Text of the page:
Next I needed to find all the posts I wanted to move. I already had them all tagged with “Books”, so this part was fairly easy and avoided an even longer manual process. WordPress doesn’t have an ‘export by tag/category’ option, though—the only way to restrict an export is by author. So I had to go into “Posts > Edit”, find a post with the relevant tag, and click that tag to give me a list of all those posts. Then I could do a Bulk Edit of each to change the author to a new temporary account I set up just for this purpose. There were multiple pages of them, and there doesn’t seem to be a way to operate on more than one page at a time, so I went through them page by page. It was repetitive enough to make me want to find a short-cut, but there weren’t quite enough pages to make it worthwhile.

Then I exported all the posts by my new author, and imported those into the new blog. I did some more tidying up there of tags and categories etc, and found a few posts that should probably still remain on this blog instead (they were tagged with Books too, but were, for example, about me getting rid of my collection before moving to Estonia, rather than being excerpts suitable for Dusty Volumes), so deleted them from there, and changed the author here back to me on each of them in turn (I wanted that author to match exactly the posts that were on the other blog so I could continue to operate on those here).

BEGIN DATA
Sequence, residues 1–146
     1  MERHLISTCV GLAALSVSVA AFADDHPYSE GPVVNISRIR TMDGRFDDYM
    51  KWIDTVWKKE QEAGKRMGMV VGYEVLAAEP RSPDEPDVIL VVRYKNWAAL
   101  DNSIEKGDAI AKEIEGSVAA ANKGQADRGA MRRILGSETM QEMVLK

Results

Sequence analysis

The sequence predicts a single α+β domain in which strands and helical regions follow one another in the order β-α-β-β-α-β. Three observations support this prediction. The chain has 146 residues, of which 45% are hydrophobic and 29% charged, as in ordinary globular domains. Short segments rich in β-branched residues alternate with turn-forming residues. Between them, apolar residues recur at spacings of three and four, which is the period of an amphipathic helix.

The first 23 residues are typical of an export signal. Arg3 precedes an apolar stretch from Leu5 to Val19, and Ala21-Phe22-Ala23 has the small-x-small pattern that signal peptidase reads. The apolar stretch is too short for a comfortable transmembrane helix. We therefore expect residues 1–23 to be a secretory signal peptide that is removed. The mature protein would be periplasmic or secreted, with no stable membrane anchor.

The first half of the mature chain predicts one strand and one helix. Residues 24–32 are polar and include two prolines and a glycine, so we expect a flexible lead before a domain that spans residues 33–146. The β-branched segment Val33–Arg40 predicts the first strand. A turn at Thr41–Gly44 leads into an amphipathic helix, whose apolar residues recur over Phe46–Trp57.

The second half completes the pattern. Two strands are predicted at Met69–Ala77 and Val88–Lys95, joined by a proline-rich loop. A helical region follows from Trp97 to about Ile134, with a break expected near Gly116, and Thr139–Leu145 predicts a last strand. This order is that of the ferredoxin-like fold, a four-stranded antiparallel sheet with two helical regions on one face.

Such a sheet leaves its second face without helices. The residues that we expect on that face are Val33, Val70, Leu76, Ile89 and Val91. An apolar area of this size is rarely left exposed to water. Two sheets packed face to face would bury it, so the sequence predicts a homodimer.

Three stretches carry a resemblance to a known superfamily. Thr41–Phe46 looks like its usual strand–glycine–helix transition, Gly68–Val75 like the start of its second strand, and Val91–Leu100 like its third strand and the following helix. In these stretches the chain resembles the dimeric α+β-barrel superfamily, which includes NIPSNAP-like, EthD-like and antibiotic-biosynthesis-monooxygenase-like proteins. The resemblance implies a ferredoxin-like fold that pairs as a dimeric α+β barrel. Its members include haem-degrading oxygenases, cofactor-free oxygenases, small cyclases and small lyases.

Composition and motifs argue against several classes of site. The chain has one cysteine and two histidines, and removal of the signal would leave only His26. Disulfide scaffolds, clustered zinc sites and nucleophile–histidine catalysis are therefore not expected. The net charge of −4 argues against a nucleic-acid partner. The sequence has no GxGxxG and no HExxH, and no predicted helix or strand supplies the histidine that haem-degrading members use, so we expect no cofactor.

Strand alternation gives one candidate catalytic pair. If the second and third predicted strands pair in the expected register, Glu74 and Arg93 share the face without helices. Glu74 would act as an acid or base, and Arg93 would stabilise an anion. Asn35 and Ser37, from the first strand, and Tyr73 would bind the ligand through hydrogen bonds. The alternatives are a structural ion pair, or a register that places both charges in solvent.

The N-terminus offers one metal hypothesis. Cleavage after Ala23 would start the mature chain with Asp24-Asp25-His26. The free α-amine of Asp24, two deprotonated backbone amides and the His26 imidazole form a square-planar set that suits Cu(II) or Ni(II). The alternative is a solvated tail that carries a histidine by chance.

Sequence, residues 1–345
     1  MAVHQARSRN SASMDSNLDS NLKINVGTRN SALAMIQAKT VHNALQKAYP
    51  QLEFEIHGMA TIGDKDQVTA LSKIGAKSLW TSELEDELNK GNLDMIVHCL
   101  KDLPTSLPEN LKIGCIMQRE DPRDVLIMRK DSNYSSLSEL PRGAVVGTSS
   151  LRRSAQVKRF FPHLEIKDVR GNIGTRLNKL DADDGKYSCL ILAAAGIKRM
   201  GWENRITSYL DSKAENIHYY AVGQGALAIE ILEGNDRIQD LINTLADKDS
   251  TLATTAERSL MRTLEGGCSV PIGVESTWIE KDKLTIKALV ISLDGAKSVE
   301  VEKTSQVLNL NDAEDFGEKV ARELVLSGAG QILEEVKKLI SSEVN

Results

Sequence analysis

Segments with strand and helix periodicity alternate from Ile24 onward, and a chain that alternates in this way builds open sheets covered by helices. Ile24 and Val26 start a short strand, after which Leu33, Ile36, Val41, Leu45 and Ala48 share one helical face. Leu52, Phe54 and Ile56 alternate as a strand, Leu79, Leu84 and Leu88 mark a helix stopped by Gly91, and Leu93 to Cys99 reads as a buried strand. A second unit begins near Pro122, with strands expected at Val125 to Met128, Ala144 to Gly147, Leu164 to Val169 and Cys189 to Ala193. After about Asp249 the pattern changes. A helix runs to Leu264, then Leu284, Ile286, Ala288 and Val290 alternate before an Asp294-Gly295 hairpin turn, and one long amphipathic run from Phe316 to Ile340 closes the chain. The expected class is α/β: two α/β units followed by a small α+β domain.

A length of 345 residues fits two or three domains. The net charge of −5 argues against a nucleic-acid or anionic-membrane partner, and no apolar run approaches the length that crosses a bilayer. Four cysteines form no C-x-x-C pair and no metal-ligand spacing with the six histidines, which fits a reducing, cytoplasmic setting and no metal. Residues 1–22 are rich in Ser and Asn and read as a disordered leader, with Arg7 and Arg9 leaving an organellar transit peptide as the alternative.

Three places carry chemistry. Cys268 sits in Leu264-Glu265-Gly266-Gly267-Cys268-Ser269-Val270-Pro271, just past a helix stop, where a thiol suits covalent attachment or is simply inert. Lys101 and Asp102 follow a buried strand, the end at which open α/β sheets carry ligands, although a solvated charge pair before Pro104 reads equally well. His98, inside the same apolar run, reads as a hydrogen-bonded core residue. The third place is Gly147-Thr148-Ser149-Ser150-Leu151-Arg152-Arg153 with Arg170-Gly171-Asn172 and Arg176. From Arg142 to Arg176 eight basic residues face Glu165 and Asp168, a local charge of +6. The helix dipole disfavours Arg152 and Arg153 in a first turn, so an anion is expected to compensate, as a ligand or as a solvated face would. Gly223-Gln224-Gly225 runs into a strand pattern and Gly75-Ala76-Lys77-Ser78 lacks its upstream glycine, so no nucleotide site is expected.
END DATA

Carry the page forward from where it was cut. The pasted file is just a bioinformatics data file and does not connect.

Now I had the new blog working, but hit the much harder problem of what to do about the posts here. I could, of course, just have deleted the posts that I’d moved, but I still get quite a few hits on them from Google searches and links from other blogs, as well as some internal links to them, and I didn’t want to break all those. After some research I found a couple of WordPress plugins for setting up redirection. The first one I tried, “Redirection“, has lots and lots of features, but wasn’t quite what I wanted. The second, “Redirect“, was perfect. It does only one thing, but does it simply, and does it well. Using the Custom Field options in WordPress, it lets you set a ‘Redirect’ field with a value of the URL that viewers should be redirected to on viewing a given post. So now it was just a matter of going through and setting those up one by one.